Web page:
Assess the Contribution of Functionalism to our understanding of Families and House holds
Functionalists see society as a system made up of different parts that all depend on each other, so the family meets all of societies essential needs; such as the need to socialise children. Functionalists see the family as a basic building block for society.
Functionalism believes that the nuclear family supports society because it is geographically mobile. Functionalism believes that the nuclear family ‘fits’ and supports society because it is geographically mobile and allows people to move around the country to find work with little disruption. This suits our current economy and also suited it in the past such as during the Industrial Revolution.
Murdock felt there should be stable satisfaction of sex drive. Meaning it should be with one partner, preventing social disruption and confusion caused by having sex with different people. Furthermore, Murdock believed society would not continue without reproduction of the next generation. Finally Murdock thought meeting its member’s economic needs was crucial, such as food and shelter.
Murdock strongly felt that nuclear structures could perform these functions, although other sociologists agreed that most of these are important functions, they argued that they could be performed by other institutions, none nuclear families.
I remember having a carefree and joyful childhood among several uncles, aunts, grand parents and parents. I remember the playful times that lasted for days at a stretch with my cousins. There was always one of the several older cousins ready to help me with my studies and the homework. Dinner time was a noisy and delightful occasion where a big group of us would enjoy anything being served. Bed ...
Parsons believed in the ‘functional fit theory’. Parsons felt that apart from the functions identifies by Murdock, the family has to meet other needs too. Parsons view was the functions it performed were depended on the kind of society in which it was found. Furthermore, Parsons felt the functions that the family has to perform affected its shape or structure. Parsons distinguished between 2 kinds of family structure; the nuclear family and the extended family.
According to parsons, there are two basic types of society; modern industrial society and pre industrial society. He felt the nuclear family fitted better the needs of an industrial society, whilst the extended family fits the needs of a pre industrial society.
Both Parsons and Murdock believed that for a family to perform Socialization adequately there needs to be a male and a female role model. They both felt that Men performed the instrumental role and provided for a family whilst women performed the expressive role and provided comfort and emotional support to the family. They also believed that marriage was a necessary institution for both a stable household and increased the chances of the family staying nuclear.
To criticise Parsons View, Ronald Fletcher, pointed out that families are multifunctional. Families regulate sexual behaviour; provide a responsible basis for rearing children, socialising children and caring for the dependents. Parsons stated many of these functions are available outside the family, but many families still do them. So they carry out non-essential as well as essential functions. Fletcher sees three essential functions of the family in giving a stable environment for sexual needs and activity, producing and carefully raising children, and providing a satisfactory home. Non-essential functions include those of government, economy, education, health, religion and recreation carried out in part in the family.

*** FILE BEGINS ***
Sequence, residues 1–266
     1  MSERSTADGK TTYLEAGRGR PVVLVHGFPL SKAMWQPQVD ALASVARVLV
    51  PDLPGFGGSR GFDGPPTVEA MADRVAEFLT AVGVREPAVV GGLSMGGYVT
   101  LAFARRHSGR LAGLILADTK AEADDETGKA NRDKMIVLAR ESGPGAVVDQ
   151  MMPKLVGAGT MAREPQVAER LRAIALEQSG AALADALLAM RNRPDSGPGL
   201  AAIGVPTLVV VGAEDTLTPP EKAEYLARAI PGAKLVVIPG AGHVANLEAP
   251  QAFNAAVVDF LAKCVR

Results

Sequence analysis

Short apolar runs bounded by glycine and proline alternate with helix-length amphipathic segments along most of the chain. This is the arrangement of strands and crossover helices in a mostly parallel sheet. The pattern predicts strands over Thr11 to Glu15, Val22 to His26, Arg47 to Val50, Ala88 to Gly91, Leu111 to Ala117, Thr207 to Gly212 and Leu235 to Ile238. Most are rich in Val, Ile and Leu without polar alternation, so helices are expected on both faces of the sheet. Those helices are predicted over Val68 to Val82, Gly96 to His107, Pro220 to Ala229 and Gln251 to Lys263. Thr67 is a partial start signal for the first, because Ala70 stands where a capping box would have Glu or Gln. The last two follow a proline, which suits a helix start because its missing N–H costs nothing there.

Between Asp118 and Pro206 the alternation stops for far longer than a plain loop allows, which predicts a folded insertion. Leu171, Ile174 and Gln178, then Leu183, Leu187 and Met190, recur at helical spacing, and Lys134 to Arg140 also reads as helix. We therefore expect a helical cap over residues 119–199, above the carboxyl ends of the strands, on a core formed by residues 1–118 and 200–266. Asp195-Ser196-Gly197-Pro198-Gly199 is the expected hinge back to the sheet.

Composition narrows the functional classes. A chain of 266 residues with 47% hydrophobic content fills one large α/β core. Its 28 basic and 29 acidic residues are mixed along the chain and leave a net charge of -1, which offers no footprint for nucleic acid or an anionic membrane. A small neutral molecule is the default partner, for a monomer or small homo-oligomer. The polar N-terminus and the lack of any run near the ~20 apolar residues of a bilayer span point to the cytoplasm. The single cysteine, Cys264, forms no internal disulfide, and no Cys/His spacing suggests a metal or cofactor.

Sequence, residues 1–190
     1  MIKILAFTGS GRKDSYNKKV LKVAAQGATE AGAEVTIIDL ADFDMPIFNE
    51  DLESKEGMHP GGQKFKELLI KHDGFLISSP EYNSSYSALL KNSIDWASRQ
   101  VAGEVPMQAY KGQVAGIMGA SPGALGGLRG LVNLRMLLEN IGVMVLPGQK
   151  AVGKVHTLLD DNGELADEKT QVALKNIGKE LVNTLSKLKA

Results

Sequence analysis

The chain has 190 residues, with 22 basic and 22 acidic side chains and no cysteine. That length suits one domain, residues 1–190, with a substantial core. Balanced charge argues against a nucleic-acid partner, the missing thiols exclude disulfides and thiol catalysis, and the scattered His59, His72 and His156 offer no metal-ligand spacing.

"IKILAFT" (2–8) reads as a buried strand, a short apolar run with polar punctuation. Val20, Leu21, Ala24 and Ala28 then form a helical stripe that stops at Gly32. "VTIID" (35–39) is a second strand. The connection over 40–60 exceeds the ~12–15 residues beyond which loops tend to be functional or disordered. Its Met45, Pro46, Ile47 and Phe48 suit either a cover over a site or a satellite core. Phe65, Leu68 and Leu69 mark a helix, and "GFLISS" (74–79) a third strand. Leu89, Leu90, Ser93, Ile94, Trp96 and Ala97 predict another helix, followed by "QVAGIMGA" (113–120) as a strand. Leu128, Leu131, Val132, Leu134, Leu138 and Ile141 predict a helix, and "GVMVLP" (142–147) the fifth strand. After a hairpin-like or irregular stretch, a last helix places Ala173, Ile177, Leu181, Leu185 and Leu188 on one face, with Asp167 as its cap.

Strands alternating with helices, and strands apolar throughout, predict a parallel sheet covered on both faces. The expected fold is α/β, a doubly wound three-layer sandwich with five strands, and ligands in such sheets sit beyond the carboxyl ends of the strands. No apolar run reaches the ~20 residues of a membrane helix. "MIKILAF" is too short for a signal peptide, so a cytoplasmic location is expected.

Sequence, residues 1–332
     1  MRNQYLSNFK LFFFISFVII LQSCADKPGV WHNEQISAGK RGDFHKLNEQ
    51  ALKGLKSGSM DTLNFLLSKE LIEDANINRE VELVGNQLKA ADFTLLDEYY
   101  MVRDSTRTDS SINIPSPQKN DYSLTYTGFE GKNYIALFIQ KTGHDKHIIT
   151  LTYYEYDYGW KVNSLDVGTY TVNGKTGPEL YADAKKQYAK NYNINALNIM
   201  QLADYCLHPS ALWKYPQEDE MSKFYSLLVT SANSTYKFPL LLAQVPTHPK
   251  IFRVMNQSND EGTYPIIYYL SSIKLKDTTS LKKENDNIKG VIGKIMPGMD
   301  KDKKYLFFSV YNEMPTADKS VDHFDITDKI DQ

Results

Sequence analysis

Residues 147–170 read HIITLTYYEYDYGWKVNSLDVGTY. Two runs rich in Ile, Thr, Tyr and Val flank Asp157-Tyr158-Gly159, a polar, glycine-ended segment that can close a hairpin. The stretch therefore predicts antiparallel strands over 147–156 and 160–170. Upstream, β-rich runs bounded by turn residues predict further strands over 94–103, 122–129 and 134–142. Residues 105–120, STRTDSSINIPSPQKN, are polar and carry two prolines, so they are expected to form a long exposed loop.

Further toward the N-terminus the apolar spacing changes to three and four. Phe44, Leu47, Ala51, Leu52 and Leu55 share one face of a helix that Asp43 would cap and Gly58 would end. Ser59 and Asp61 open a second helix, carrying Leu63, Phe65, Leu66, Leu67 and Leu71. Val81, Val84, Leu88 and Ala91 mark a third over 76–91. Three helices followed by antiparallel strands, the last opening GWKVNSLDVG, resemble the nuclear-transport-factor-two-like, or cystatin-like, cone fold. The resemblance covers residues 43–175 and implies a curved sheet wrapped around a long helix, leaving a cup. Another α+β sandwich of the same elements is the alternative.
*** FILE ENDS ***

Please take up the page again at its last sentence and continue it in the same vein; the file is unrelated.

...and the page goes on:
Functionalists think that the nuclear family that best performs these functions and therefore supports society is the nuclear family. However, this is a very traditional approach and can be outdated and criticized by other theories.
Susan Lieberman, a Ph.D. psychologist, once said, “Family traditions counter alienation and confusion. They help us define who we are; they provide something steady, reliable and safe in a confusing world.” It is true, that families indeed play an important role in the future of a child. Families nurture a child, and mould him or her into who they become in the future. Families are the support and ...
Functionalism does not consider family diversity, probably because its basis was created when other, less traditional family types were less common. In the requirement that there be both a male and female role model for satisfactory socialization, Functionalism has restricted the family types it acknowledges as good. This excludes single parent families and same sex families.
Also, the idea of two ‘roles’ confines women and men to rigid gender roles, the carer and the provider. This is no longer the case with most families being dual earner families. This makes Functionalist theory slightly outdated.
Feminists see the family as serving the needs of men and oppressing women. Which clearly opposes the functionalist view as, if the family is built around men’s needs this can cause fights and arguments which can lead to separation or divorce resulting in single parent families, which ruins the functionalist view of the ‘ideal nuclear family’.
One of the strongest criticisms of Functionalism, making it less useful to our understanding of the family, is the way that it ignores the ‘dark side’ of family life such as Domestic Violence. It shows the family in only a positive light.
Overall, I think that Functionalism is useful to our understanding of the family in history, but not as useful in today’s society because of the narrow view it holds. Despite this, by comparing it with other theories we can learn much about present day society and the role of the family within it.